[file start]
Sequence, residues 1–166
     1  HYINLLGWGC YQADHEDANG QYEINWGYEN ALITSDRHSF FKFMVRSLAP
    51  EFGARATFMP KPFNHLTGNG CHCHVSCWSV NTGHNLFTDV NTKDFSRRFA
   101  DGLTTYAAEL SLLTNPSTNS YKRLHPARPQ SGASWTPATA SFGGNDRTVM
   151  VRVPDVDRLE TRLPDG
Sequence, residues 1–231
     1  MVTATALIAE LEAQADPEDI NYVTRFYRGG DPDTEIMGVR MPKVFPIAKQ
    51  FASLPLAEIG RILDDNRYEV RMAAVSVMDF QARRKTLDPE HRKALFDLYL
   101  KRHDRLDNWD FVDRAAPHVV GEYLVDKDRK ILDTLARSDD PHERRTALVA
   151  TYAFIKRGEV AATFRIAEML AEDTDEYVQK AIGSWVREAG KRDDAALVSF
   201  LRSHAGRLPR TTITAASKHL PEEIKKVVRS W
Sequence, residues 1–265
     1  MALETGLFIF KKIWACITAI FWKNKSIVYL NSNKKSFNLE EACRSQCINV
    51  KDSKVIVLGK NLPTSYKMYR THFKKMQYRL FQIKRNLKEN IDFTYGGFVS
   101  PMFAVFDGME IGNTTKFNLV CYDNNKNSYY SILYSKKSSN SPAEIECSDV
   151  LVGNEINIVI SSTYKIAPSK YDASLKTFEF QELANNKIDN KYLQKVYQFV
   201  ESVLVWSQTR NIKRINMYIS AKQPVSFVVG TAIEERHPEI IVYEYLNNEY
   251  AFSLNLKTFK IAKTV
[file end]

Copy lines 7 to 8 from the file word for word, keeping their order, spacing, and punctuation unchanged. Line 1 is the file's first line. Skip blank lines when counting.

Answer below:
     1  MVTATALIAE LEAQADPEDI NYVTRFYRGG DPDTEIMGVR MPKVFPIAKQ
    51  FASLPLAEIG RILDDNRYEV RMAAVSVMDF QARRKTLDPE HRKALFDLYL